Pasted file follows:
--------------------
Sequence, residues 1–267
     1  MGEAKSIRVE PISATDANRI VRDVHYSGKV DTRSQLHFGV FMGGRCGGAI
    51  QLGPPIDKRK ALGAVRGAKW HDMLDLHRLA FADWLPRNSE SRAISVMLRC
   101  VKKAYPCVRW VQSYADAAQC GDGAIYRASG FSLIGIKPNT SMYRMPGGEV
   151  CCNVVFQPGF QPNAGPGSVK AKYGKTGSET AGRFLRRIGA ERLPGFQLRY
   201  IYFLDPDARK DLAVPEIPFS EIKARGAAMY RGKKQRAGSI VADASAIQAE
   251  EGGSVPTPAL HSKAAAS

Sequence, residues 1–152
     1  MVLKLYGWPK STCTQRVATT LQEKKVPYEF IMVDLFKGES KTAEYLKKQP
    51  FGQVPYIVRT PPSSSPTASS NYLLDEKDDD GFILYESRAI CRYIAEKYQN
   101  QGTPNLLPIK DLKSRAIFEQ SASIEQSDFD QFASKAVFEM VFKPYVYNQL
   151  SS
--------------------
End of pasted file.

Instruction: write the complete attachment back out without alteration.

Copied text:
Sequence, residues 1–267
     1  MGEAKSIRVE PISATDANRI VRDVHYSGKV DTRSQLHFGV FMGGRCGGAI
    51  QLGPPIDKRK ALGAVRGAKW HDMLDLHRLA FADWLPRNSE SRAISVMLRC
   101  VKKAYPCVRW VQSYADAAQC GDGAIYRASG FSLIGIKPNT SMYRMPGGEV
   151  CCNVVFQPGF QPNAGPGSVK AKYGKTGSET AGRFLRRIGA ERLPGFQLRY
   201  IYFLDPDARK DLAVPEIPFS EIKARGAAMY RGKKQRAGSI VADASAIQAE
   251  EGGSVPTPAL HSKAAAS

Sequence, residues 1–152
     1  MVLKLYGWPK STCTQRVATT LQEKKVPYEF IMVDLFKGES KTAEYLKKQP
    51  FGQVPYIVRT PPSSSPTASS NYLLDEKDDD GFILYESRAI CRYIAEKYQN
   101  QGTPNLLPIK DLKSRAIFEQ SASIEQSDFD QFASKAVFEM VFKPYVYNQL
   151  SS